Facilitating the sharing of member-to-member (MTM) communications when a federally insured credit union is merging with another is addressed in a letter to credit unions (LTCU) published Monday by their federal regulator.
The National Credit Union Administration (NCUA), in its LTCU 18-CU-03,also noted that it has established an MTM communications process to facilitate the information sharing (as part of its rulemaking).
According to the letter, a federally insured credit union proposing to merge with another federally insured credit union is required to include in its member notice of the merger a statement about the availability of a website where members of the merging credit union can share comments or questions with each other about the proposed merger. Through the website, members may jointly or individually submit a comment and attachments about the merger, NCUA said.
The agency also said its office of Credit Union Resources and Expansion (CURE) will, prior to website posting, review each submitted communication. NCUA said its rules give it the right not to post a communication that the agency “reasonably believes” is: false or misleading; omits a material fact necessary to make the statement in the material not false or misleading; advances a personal claim or personal grievance, or solicits personal gain or business advantage by or on behalf of any party.
The agency said in its letter that it also reserves the right to block a comment or attachment which “directly or indirectly and without expressed factual foundation” impugns the character, integrity, or reputation of a person; makes charges concerning improper, illegal, or immoral conduct; or “makes statements impugning the safety and soundness of the credit union.”
All federally insured credit unions – federal and state-chartered – must submit a proposed merger application to the agency for review and application, NCUA said. For a merging federal credit union, once it has received permission from NCUA to proceed with a membership vote on the merger, it must send a copy of its notice to the CURE office. That notice must be emailed to the agency by the FCU at least 15 days before it its mailed to members, and must include a link showing a credit union-specific MTM web address “where members can find how and where to submit comments pertaining to the proposed merger,” NCUA said.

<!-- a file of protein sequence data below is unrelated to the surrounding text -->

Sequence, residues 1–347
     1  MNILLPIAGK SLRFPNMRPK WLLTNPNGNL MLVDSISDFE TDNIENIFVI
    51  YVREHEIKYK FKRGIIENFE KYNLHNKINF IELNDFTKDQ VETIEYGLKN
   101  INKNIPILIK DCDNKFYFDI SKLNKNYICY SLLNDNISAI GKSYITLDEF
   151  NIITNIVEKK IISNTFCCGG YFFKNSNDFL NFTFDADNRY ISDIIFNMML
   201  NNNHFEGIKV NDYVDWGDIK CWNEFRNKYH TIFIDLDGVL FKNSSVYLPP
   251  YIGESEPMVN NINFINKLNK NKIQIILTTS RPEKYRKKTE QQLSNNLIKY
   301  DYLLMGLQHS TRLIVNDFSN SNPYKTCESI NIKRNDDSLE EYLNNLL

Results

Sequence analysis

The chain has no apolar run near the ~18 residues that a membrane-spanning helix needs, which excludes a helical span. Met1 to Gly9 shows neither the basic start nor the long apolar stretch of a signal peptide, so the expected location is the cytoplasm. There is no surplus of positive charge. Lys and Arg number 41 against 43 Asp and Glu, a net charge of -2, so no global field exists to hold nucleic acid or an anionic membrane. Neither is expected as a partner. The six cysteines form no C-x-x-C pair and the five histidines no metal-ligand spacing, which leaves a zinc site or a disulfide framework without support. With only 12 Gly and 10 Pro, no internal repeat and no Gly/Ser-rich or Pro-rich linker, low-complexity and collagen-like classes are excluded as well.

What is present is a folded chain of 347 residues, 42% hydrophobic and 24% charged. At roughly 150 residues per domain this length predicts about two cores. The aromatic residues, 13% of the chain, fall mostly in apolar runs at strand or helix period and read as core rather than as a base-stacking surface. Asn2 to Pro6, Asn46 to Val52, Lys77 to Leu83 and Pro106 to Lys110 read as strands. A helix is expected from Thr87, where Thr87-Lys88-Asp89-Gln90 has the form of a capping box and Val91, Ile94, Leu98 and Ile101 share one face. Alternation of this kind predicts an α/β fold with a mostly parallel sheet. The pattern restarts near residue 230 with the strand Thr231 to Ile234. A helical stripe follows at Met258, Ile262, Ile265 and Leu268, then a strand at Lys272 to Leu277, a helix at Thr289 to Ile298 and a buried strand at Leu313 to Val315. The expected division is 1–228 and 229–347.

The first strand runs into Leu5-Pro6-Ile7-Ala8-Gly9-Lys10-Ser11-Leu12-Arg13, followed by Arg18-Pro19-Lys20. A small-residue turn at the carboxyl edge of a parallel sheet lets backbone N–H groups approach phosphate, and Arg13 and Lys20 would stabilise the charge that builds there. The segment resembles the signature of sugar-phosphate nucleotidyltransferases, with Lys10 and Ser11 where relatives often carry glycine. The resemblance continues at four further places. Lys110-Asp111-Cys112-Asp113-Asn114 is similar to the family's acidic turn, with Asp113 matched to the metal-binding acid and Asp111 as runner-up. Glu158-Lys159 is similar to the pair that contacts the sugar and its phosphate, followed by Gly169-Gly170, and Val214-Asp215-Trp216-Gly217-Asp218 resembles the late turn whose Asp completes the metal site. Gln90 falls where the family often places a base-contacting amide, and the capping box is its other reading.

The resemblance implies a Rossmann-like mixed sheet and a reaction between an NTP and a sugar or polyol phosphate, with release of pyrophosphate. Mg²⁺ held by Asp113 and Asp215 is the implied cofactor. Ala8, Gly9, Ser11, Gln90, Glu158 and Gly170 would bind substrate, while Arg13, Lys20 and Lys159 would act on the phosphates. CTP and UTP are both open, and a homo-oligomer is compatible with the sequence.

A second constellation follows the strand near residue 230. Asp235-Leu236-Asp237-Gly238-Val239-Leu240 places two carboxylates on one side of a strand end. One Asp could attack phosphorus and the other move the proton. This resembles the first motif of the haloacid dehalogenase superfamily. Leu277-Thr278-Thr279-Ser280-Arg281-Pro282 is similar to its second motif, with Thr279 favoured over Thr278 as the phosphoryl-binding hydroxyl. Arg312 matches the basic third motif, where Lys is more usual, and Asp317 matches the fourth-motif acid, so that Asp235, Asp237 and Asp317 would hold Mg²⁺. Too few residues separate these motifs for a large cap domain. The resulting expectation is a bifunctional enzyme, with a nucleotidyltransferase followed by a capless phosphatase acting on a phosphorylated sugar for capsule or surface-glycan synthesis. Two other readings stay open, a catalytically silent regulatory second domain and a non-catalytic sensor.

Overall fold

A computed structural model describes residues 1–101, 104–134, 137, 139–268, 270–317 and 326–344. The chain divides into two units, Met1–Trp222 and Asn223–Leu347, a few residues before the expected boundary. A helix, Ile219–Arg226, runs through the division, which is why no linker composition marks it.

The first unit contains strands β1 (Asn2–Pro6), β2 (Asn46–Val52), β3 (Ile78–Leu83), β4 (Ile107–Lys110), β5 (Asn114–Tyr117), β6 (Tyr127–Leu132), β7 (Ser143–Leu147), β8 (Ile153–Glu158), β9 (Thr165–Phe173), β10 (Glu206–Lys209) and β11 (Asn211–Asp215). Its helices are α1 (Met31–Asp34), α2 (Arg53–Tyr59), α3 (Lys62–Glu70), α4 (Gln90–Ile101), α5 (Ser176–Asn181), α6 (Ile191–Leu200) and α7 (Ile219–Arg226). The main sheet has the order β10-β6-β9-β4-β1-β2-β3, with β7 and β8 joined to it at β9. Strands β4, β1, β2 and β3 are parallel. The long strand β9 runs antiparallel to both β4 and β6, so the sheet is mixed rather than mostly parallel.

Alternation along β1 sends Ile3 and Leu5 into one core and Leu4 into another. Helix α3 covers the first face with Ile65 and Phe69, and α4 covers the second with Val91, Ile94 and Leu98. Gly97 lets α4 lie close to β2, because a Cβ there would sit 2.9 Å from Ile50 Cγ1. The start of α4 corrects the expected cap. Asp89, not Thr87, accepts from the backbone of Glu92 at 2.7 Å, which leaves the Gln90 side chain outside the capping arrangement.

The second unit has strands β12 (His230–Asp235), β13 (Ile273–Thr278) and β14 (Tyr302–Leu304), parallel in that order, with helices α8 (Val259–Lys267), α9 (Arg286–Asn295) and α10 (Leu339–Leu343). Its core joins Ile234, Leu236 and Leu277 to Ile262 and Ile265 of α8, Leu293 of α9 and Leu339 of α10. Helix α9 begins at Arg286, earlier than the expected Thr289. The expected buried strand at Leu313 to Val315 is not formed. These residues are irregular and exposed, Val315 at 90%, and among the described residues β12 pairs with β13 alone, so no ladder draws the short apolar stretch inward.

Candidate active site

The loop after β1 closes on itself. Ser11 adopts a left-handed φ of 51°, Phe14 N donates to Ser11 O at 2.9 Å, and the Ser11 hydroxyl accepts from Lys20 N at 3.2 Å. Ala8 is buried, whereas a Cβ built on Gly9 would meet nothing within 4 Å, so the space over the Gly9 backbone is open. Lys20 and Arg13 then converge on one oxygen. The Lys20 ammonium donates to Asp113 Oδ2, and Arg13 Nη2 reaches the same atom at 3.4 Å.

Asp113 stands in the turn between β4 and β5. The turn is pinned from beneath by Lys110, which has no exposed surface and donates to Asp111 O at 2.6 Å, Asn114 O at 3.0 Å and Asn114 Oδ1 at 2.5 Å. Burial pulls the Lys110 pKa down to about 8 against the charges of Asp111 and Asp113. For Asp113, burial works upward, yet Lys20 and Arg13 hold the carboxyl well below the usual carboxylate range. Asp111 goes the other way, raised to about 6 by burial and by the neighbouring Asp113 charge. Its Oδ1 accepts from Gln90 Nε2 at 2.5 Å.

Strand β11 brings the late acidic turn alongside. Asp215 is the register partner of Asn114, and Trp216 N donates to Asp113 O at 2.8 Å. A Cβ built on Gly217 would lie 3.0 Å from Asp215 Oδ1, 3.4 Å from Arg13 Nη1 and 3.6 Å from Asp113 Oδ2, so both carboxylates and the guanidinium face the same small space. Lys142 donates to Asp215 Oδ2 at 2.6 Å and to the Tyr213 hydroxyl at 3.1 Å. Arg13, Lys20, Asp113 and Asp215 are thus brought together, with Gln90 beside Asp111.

A state-chartered federally insured credit union, NCUA said, must comply with the requirements of its state regulator, in addition to applicable requirements of the NCUA’s merger rule. “Unless a membership vote is waived under state law, the NCUA must receive a copy of the notice at least 15 days before any mailing of the member notice (or equivalent state document),” the letter notes. “The notice must include a link to a credit union-specific MTM web address where members can find how and where to submit comments pertaining to the proposed merger.”
The NCUA letter states that members of a merging credit union may submit comments using the specific MTM web address provided, and that each comment submitter will be asked to provide certain personal information. “Once CURE reviews and posts a comment, it will be accessible for viewing at the merging credit union’s MTM-URL address,” the letter states.
Regardless of credit union charter type, the agency said the member notice must:
- Include a link where members can find how and where to submit comments;
- Be emailed to the agency’s CURE office at least 15 days before it is mailed to members;
- Be received at least 45 but no more than 90 days before the meeting date by the members of the credit union proposing to merge.
In other areas, the NCUA letter addresses:
- The merger rule requires an update by merging federal credit unions to their bylaws (which should be adopted prior to submitting the proposed merger application to the agency); state-chartered credit unions should refer to their individual state agencies.
- A merging credit union must disclose certain merger-related financial arrangements for covered persons in its member notice.
- Merging and continuing credit unions must certify (by the board presiding officer and CEO) that there are no other merger-related financial arrangements other than those disclosed in the notice to the members of the proposed merging credit union.